The boycott, divestment, and sanctions movement (BDS) against Israel, which was recently energized by the decision of the American Studies Association to boycott Israeli academic institutions, is actually making it harder for Israel and the Palestinian Authority to negotiate a reasonable resolution to the Israeli-Palestinian conflict. That is why Mahmoud Abbas, the head of the Palestinian Authority, has come out against boycotting Israel and Israeli academic institutions. As he put it in an interview while attending the service for Nelson Mandela:
“[W]e don’t ask anyone to boycott Israel itself. We have relations with Israel, we have mutual recognition of Israel.”
The leaders of the BDS movement understand Abbas’s point, but they persist in the demand for BDS. Some seem to be against a peaceful resolution of the Israeli-Palestinian dispute based on a two-state solution. The BDS movement is not only directed against Israel’s occupation of the West Bank. Judging from the rhetoric of some of its leaders, it is directed against the very existence of the state of Israel.
Abbas understands this. The BDS leaders understand this. Israeli leaders understand this. But some of the naive academics who sign onto BDS because they oppose Israel’s settlement and occupation policies do not seem to understand this. BDS leaders exploit that confusion to lull ivory tower professors into thinking that by signing onto BDS they are demonstrating opposition to the occupation, rather than to Israel itself.
The BDS movement places pressure on the Palestinian Authority to reject Israel’s compromise peace offers, as the authority did in 2001 and 2008. Abbas understands that radical elements within his constituency play the BDS card as a way of pressuring him into seeking an unrealistically better deal. That is, a deal he will never get. The end result may well be a continuation of the untenable status quo.
This is not to deny that there are some within the BDS movement, particularly those who would limit it to products and institutions on the West Bank (which Abbas would do), who honestly believe that the threat of BDS will push Israel toward changing its settlement policy and moving toward peace. They are simply wrong. Israel will never submit to the blackmail of BDS, and the Palestinians will never agree to a compromise peace if they erroneously believe that the pressure of BDS will force Israel into offering a better deal.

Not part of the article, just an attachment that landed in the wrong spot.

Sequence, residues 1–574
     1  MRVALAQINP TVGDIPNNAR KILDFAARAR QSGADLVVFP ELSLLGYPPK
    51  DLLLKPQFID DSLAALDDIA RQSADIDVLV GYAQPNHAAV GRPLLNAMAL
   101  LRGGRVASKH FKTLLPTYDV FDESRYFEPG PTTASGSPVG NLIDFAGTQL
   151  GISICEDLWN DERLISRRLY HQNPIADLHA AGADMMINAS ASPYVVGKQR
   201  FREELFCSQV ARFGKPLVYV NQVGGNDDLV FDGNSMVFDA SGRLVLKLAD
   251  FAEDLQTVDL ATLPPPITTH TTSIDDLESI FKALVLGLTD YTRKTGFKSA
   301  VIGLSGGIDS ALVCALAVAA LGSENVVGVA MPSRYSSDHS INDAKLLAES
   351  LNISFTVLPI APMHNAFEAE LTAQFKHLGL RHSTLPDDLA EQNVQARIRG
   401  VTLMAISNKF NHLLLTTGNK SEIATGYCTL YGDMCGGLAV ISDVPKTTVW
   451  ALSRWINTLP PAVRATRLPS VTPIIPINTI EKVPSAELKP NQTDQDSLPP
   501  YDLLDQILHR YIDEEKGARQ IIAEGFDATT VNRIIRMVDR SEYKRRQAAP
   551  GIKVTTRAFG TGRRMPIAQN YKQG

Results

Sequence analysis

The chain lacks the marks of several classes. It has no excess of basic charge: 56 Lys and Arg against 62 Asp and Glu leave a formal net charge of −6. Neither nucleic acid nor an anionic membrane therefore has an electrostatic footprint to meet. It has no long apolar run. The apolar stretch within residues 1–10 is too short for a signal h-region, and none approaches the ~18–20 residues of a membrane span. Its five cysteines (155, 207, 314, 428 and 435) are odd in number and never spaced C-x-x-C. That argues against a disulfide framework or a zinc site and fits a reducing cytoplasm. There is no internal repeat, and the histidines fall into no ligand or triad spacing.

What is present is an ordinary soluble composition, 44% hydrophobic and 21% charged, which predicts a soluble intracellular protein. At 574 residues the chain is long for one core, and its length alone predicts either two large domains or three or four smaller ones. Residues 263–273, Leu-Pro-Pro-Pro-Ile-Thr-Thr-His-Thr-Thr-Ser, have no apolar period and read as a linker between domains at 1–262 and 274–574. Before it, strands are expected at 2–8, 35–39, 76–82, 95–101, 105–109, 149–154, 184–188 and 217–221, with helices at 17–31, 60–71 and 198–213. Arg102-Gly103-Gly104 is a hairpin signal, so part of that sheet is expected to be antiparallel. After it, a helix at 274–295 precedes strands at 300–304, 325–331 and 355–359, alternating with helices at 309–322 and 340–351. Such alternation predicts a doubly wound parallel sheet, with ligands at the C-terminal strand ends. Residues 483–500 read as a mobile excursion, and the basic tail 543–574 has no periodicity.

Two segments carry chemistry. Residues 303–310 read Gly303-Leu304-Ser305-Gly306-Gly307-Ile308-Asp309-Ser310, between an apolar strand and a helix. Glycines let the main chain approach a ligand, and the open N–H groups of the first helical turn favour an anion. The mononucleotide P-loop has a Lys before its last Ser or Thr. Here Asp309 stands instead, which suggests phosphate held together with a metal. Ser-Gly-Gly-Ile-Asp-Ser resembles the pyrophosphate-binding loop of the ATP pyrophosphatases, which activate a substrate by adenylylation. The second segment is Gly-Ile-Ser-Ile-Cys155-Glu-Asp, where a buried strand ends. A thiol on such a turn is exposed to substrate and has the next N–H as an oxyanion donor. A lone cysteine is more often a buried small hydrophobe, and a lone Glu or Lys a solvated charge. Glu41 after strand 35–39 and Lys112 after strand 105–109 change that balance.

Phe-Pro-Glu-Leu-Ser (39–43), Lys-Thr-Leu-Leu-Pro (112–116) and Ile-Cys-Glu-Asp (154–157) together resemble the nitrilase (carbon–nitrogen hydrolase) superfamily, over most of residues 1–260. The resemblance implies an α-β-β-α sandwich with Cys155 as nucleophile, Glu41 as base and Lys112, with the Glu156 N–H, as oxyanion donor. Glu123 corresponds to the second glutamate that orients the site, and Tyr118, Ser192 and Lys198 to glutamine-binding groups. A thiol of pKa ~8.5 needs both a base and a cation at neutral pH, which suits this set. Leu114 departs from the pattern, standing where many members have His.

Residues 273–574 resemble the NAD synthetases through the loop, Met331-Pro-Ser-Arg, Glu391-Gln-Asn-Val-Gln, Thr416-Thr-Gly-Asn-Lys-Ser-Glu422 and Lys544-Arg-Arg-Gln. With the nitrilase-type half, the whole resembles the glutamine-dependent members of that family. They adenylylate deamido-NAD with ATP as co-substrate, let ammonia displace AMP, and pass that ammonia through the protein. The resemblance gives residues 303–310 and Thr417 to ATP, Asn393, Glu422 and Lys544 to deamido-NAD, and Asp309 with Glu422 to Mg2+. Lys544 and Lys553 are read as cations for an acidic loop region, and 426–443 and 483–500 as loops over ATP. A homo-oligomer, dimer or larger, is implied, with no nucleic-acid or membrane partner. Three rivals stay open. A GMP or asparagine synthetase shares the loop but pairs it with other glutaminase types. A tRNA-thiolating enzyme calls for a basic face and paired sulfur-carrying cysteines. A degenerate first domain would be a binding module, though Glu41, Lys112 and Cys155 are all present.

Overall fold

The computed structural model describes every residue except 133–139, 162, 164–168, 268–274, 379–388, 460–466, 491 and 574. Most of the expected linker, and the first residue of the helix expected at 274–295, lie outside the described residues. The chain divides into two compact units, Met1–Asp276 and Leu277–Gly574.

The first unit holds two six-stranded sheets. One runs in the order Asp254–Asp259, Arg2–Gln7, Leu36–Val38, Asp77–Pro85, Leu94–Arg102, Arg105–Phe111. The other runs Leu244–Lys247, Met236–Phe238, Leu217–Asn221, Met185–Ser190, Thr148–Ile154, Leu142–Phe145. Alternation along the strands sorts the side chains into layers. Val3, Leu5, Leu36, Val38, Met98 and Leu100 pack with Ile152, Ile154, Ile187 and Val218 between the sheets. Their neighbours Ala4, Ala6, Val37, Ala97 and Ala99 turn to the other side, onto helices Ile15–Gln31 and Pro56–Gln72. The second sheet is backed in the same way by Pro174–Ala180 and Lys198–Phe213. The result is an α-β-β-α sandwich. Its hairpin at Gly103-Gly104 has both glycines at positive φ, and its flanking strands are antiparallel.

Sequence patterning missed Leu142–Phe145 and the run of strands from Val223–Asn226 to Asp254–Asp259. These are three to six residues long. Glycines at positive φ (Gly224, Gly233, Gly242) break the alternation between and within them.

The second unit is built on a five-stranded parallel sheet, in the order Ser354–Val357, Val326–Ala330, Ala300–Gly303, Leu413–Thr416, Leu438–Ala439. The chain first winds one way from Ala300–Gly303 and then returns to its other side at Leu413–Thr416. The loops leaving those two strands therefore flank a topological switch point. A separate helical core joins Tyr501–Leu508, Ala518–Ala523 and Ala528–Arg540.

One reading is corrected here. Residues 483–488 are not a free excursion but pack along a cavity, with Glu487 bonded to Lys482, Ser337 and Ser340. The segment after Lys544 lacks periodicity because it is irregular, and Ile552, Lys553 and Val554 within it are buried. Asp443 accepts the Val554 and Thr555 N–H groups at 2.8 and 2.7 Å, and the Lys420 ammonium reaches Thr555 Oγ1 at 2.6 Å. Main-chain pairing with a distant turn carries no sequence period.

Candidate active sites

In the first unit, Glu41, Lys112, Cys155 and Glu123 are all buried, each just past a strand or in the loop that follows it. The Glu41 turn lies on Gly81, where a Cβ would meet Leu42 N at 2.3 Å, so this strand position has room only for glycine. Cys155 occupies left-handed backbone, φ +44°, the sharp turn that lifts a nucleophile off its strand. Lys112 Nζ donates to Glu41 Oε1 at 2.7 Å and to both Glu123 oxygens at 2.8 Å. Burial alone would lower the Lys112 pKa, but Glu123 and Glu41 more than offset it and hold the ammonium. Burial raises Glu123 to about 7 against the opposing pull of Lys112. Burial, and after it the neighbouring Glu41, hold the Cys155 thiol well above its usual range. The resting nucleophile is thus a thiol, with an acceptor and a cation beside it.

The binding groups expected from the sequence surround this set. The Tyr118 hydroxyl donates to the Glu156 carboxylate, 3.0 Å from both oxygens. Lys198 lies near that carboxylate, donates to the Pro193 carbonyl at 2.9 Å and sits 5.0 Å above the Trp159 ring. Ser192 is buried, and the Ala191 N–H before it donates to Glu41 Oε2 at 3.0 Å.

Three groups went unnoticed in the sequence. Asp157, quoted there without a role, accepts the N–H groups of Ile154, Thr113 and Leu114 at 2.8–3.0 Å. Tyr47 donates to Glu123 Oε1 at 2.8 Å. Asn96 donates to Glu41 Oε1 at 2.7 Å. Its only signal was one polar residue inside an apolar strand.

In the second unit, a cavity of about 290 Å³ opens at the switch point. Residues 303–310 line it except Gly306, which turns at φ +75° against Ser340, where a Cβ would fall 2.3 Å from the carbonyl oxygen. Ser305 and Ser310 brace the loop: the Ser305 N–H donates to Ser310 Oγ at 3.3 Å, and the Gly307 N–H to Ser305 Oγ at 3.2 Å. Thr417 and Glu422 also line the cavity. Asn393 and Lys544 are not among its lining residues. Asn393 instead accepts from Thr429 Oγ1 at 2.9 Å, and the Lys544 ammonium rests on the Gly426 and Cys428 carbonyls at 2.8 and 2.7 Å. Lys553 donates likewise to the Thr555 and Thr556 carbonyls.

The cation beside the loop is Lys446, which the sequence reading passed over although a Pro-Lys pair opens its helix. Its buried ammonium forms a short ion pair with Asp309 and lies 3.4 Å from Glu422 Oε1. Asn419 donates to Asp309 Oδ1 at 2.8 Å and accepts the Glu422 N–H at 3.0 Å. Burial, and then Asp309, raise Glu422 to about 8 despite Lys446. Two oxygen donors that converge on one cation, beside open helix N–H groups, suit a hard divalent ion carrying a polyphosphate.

There is nothing good about the BDS movement. It is hypocritical, for singling out the nation state of the Jewish people for BDS, while ignoring other occupations (such as those by Turkey, China, and Russia), as well as far worse violations of human rights and academic freedom, such as those committed by Cuba, Saudi Arabia, the Palestinian Authority, Russia, China, and nearly all the countries of Africa. It is ineffective, because its impact on Israel is minuscule and its impact on the Palestinian Authority is to make it more difficult for its leadership to accept a reasonable peace offer. It may also be illegal, since it discriminates on the basis of religion (it applies only to Jewish academics and business people in Israel, and not to Muslims), national origin, and ethnicity. Moreover, BDS constitutes collective punishment, since it targets Jewish Israelis who oppose Israel’s settlement policies as well as those who favor them.
That is why so few world leaders and responsible individuals support BDS. That is why so many academic institutions, such as Harvard, condemn academic boycotts. That is why more than 10,000 American academics have signed a petition declaring themselves to be “Israelis” for purposes of any academic boycott against Israeli academics. BDS is largely a plaything of the hard left. It is an irresponsible gambit being promoted by irresponsible people who are more interested in being politically correct and feeling good than in helping to bring about a reasonable resolution to a complex problem, the fault for which is widely shared.
It is important, therefore, that opponents of this bigoted foolishness fight back. Dissenting members of academic organizations that support BDS should resign in protest. Colleges and universities should stop giving financial support to organizations that promote hypocritical and possibly illegal boycotts. Alumni should “divest” from any universities that divest from Israel, and peace-loving people should denounce those organizations and individuals who are hindering the peace process by promoting BDS.
While small ivory tower academic institutions debate BDS, Secretary of State John Kerry, Israeli Justice Minister Tzipi Livni, and Palestinian chief negotiator Saeb Erekat continue the hard work of trying to negotiate permanent borders for a Palestinian state, land swaps, a complex division of Jerusalem, a resolution of the double refugee problem (Palestinian refugees as well as Jewish refugees from Arab states), and security arrangements along the Jordan River. Some progress is in evidence. Let peace not be made more difficult by the leaders of the BDS movement who oppose the two-state solution and by their naive followers who think they are doing good while actually violating the important principle of morality: “First, do no harm.”
Professor Alan Dershowitz’s latest book is “Taking the Stand: My Life in the Law.”